NESTER: The Age of Lincoln and the Art of American Power (2014)

Posted: 10/1/2014
Reviewed By: Frank J. Williams

The Age of Lincoln and the Art of American Power, 1848-1876 by William R. Nester. Potomac Books, 2014. Cloth, ISBN: 1612346588. $34.95.


President Lincoln did not shrink from exerting his power. Within days of the firing on Fort Sumter, he enlarged the army without Congressional authorization; spent money for purposes other than those designated by Congress; and authorized the suspension of the writ of habeas corpus. He awaited Congressional approval after the fact, noting “that nothing has been done beyond the constitutional competency of Congress” —a remarkable equation of executive and legislative powers.

While he admitted that some of his actions were “without authority of law,” in 1863, he explained that he was “thoroughly imbued with a reverence for the guaranteed rights of individuals” and “was slow to adopt the strong measures, which by degrees I have been forced to regard as being within the exceptions of the constitution, and as indispensable to the public safety.” On habeas corpus, he was anything but slow. Conscription, the Emancipation Proclamation, and novel Reconstruction measures charted by degrees were considered too slow by radical Republicans, but much too fast for the Democratic opposition. To Lincoln, his war powers seemed greater than Congress’s. For example, the Emancipation Proclamation was already in effect when he stated his view that Congress could not abolish slavery. Yet history sees Abraham Lincoln as a giant in character and deeds. Governing brilliantly during his presidency, Lincoln developed the economy, liberated four million people from slavery, reunified the nation, and signed the Homestead Act. He evolved into an outstanding Commander-in-Chief, and was skilled as a diplomat, economist, humanist, educator, and moralist.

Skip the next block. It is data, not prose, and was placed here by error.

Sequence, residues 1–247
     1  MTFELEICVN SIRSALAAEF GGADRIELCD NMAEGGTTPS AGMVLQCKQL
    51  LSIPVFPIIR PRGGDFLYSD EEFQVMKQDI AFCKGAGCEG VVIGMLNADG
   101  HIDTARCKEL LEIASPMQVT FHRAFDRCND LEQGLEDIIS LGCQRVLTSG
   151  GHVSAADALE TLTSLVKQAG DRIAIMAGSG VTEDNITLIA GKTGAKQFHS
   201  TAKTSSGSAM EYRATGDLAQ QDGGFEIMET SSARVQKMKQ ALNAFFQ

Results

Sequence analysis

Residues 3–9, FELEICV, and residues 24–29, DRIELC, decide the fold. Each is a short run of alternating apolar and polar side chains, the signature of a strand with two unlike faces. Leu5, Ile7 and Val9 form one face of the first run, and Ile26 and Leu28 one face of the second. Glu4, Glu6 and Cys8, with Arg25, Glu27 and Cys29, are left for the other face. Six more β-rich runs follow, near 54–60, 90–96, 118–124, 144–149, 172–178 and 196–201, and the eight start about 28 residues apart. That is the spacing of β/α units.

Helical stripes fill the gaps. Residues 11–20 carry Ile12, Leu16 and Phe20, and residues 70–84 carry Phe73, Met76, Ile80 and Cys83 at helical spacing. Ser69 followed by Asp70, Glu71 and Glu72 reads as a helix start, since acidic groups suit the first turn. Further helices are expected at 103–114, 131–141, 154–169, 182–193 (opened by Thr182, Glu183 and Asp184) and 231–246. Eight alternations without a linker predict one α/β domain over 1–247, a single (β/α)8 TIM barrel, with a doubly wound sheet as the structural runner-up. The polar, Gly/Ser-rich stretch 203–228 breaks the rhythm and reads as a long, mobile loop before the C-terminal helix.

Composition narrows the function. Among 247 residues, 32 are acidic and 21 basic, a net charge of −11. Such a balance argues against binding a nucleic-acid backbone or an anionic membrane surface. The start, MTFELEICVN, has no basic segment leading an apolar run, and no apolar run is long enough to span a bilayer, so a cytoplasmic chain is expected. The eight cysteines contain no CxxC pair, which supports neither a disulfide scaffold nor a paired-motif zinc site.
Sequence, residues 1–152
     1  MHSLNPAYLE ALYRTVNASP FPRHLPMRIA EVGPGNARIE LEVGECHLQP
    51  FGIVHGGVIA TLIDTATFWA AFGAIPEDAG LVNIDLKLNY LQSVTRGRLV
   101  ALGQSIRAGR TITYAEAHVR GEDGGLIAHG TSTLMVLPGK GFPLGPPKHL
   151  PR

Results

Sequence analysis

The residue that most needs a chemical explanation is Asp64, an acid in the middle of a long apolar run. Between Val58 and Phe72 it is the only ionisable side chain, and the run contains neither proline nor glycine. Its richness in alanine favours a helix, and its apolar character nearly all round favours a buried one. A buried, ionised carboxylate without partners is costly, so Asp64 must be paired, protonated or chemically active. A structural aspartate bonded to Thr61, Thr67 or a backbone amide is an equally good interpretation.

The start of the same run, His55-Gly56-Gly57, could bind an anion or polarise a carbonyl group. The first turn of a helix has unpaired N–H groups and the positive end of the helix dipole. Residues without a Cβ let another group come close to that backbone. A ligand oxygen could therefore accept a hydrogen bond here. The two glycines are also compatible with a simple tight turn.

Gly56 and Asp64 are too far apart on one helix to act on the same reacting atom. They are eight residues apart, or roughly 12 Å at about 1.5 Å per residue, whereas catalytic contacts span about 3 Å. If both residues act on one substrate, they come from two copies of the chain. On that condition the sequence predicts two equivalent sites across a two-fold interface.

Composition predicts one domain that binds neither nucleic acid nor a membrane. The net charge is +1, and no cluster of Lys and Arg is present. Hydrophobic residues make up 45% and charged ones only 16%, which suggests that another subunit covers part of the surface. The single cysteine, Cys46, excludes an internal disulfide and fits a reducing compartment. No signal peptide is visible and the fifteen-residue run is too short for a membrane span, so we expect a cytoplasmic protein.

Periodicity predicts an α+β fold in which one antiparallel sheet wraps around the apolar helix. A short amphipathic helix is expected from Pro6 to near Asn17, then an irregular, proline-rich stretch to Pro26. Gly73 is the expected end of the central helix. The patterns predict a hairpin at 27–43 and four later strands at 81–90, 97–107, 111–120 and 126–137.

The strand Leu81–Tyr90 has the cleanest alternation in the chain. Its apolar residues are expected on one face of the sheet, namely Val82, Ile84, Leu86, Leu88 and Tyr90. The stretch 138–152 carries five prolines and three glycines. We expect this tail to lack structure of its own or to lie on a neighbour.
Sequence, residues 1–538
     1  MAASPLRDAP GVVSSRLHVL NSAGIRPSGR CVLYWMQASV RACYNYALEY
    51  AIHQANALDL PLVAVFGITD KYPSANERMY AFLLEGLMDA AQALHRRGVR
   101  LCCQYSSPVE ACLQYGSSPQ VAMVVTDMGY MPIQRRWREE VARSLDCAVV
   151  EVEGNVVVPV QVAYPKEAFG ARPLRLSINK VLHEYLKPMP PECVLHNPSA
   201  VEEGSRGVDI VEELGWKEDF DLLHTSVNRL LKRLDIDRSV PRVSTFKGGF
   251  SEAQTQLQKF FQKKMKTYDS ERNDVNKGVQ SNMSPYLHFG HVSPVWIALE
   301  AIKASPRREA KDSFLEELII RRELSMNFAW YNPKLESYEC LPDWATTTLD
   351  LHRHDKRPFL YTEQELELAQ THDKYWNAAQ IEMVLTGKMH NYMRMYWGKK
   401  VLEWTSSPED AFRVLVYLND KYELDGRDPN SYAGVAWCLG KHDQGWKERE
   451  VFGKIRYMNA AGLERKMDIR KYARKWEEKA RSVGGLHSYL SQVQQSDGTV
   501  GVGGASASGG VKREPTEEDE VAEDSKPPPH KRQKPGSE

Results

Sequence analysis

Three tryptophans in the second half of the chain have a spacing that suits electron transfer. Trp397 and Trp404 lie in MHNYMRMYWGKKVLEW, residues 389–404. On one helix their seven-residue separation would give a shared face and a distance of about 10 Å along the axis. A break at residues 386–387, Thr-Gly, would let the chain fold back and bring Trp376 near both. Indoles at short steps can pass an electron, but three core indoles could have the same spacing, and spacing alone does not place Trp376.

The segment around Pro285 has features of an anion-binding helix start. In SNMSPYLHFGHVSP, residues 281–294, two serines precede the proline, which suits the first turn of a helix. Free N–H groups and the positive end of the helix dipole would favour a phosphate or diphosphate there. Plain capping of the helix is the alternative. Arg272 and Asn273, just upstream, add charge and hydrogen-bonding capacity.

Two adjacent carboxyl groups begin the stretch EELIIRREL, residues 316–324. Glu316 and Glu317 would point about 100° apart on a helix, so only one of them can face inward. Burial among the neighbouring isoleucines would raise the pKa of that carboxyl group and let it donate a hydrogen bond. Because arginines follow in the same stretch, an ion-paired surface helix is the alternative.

William Nester’s insightful book demonstrates the brilliance of Abraham Lincoln and his use of power. To the author, “Lincoln’s art of power ultimately reflected his unswerving devotion to the Declaration of Independence’s principles and the Constitution’s institutions, or, as he so elegantly expressed it, ‘to a government of the people, by the people, and for the people.’” Lincoln believed that “public sentiment is everything.” And he was quick to set an example for others. His practical good sense was instrumental in convincing people and by appealing to their hopes rather than their fears.

This book is important in demonstrating how Lincoln was so effective in bridging the gap between progressives and conservatives, by holding back the former and convincing the latter to act. His performance is why history has treated Abraham Lincoln more kindly than the other six presidents (Zachary Taylor, Millard Fillmore, Franklin Pierce, James Buchanan, Andrew Johnson, and Ulysses S. Grant) who served during the tumultuous years between the end of the Mexican American War and the end of Reconstruction.

In recent times, some historians have been careful to note that Lincoln’s strong measures, instituted without Congressional advice or approval, were not precedents for similar actions by modern presidents in wars against foreign nations. But by far, Nester concludes, “it was [Lincoln’s] brilliant leadership that mobilized enough vital hard- and soft- power resources for the United States to crush the Confederacy.”
 

Frank J. Williams is the Founding Chair of The Lincoln Forum and former Chief Justice of the Rhode Island Supreme Court. His most recent book is Lincoln as Hero (2012).
 

 

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